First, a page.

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  7. I love this man as deeply as a friend can. His love of music and how he loves to share his knowledge of it has been a blessing to me. Larry has walked across my heart and left a foot print. Thank you for your stories and sharing them with me. My prayers are with his beautiful family. 💖 Teresa and Rich

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  8. Your Dad is everything you said, Katherine. I have immensely enjoyed talking with him, going to Mass with him, and doing whatever I can to pay him back for his years of example in leading my faith and mind deeper each day!! What a tremendous man, father, and dear friend!!

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  9. Beautiful, Katherine. I can see each moment and hear each word. Your Dad is so special to me and to each of his fellow siblings. But there can be no more special bond than that of which you have written. Thank you for sharing these moments with us. God be with you and with H. Larry Penning, M.D. No one could have a greater brother and guide.

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  10. My brother, sister and I finished this very same walk with our precious father just 6 months ago. Prayers and peace to you and your family. There are still many days I wish for one more conversation, one more phone call, or just one more hug. Thank you for sharing.

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  11. Beautiful words for a difficult time as I am currently going through this same journey. Thank you for sharing your thoughts. May God provide your father, you and your family with peace and comfort as you travel
    In this journey.

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  12. I worked for your Dad (forever Dr. Penning to me) in the Lab at St. Mary’s. During my time there, he was a mentor, a friend, a teacher, a cheerleader….and indelibly marked me with his integrity, work ethic, and focus on quality. He loved his lab employees and would stand toe to toe with any physician to defend us. I could see his quiet resignation when you described him seeing his films… he saw so many through his career and probably already knew what to expect. He always spoke so fondly of his girls. Being with him at this time is a privilege and a gift (I have taken that journey with my father-in-law, mom and husband). I pray for peace and some moments of joy as you take this journey. Know that he is loved by so many

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  13. How beautiful and inspiring to us all. Wishing you all peaceful minds as your father moves forward with the divine. May God shower your whole family with blessings xo

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  14. What a lovely tribute to your dad Katherine. He is so many things to so many. He has touched the hearts of so many in so many ways. His love of life, love of family, love of music, love of travel and of course the most important, love of God! Oh and I can’t forget story teller!!! He is leaving so much to so many in the years God has given him. Although we will be so sad when he passes, know that he will be so happy to be with his maker and his loving wife again. My loving prayers Katherine to you and your family.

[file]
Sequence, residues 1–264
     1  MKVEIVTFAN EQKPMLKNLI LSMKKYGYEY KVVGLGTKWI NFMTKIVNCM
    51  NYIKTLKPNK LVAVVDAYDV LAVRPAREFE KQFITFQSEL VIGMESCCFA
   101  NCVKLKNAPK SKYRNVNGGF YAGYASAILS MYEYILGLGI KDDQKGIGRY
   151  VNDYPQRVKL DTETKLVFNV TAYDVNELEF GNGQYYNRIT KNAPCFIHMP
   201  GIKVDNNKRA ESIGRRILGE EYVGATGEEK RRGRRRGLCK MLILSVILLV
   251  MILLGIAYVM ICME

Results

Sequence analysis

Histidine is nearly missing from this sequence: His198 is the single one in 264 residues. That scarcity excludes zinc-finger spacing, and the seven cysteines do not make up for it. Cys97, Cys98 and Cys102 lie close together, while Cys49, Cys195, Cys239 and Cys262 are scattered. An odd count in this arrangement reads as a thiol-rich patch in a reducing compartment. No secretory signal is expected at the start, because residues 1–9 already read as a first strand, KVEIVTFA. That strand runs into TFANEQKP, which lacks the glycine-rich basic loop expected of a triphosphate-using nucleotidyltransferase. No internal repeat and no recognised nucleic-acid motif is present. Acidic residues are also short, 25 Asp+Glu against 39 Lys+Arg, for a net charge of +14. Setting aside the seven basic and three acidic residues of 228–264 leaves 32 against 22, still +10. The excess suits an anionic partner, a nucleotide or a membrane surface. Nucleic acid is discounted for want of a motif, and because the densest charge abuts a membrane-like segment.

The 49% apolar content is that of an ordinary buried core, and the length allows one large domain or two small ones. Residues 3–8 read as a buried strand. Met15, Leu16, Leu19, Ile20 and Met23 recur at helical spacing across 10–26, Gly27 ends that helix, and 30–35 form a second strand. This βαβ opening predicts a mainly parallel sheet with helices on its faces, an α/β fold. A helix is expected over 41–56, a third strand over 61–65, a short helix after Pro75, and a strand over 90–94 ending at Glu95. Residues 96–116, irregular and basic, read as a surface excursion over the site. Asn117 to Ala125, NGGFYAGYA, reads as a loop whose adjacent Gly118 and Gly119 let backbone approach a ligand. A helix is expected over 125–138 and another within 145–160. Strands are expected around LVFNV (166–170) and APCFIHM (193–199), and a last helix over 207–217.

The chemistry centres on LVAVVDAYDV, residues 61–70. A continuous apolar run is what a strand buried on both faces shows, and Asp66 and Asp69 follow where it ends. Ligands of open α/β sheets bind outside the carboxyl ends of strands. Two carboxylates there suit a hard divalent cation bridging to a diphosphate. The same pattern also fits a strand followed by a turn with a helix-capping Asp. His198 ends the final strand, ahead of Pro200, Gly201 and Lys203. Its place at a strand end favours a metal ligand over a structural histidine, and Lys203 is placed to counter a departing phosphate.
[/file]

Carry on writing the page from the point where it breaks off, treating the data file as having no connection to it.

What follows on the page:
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  15. Thanks very much for sharing the road you and your dad are taking in his last days. May each of us share joy and sorrow as beautifully. Tomorrow and the day after I will pray for him and for you. Nick Penniman’s Springfield friend, Reg Ankrom

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  16. Your Father’s, Father- the great Dr. Penning- delivered me into this world almost 60 years ago! My Mother’s ( Jeanne Koch Franz) fondness and admiration of him is a part of her history and my own. His son sounds to have carried on the Penning tradition of great doctors and great men. My thoughts and prayers are with you, and him.

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  17. What a honor to accompany a loved in this journey!!! Our Catholic faith is so beautiful. My thoughts are with you all. Will miss that strong beautiful voice at Mass!!!

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  18. Carolyn and I have enjoyed a 6o year relationship with your father and with your mother until her demise . He and I have been talking to each other for the last 6 weeks after Beverly Brumaster called and informed us of his declining health and I last talked to him about a week ago. . We have thought of him every day and night. We interned together at Decatur and Macon County Hospital and after 2 years in the Army(me)and Public HealthSevice(your Dad) found ourselves in residency programs at Wayne County General Hospital. We ended up with 4 girls as did your parents. We have maintained contact over the last 50 years with cards and letters and an occasional visit. We last visited with Larry about a year ago—he insisted on fixing lunch. His intellect and penchant for has always amazed me and was the basis for his profession in Pathology. His deep faith has always been a source of strength for you and your family and for us. The picture you sent taken Sept.16 was on the day of Carolyn’s 82nd family birthday party. Since then we have been sharing and reminiscing of all the good times that we have had together. If we could extend our hands 2000 miles to his home we would be there holding his hands with you.

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  19. Katherine – I do not know a kinder person. Both of my parents are gone and my mother was a saint . Without her I don’t know how any of us could have survived. It is bittersweet and there are tears of sadness in letting them go from us and joy in knowing their faith is with them. Bless you and your family. I know you will feel the prayers as the days continues. You are already receiving what you need.

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About the honest girl

40ish wife, mother, sister, cousin, friend, Christian, Catholic, sinner, writer and singer. Just trying to be honest about it all.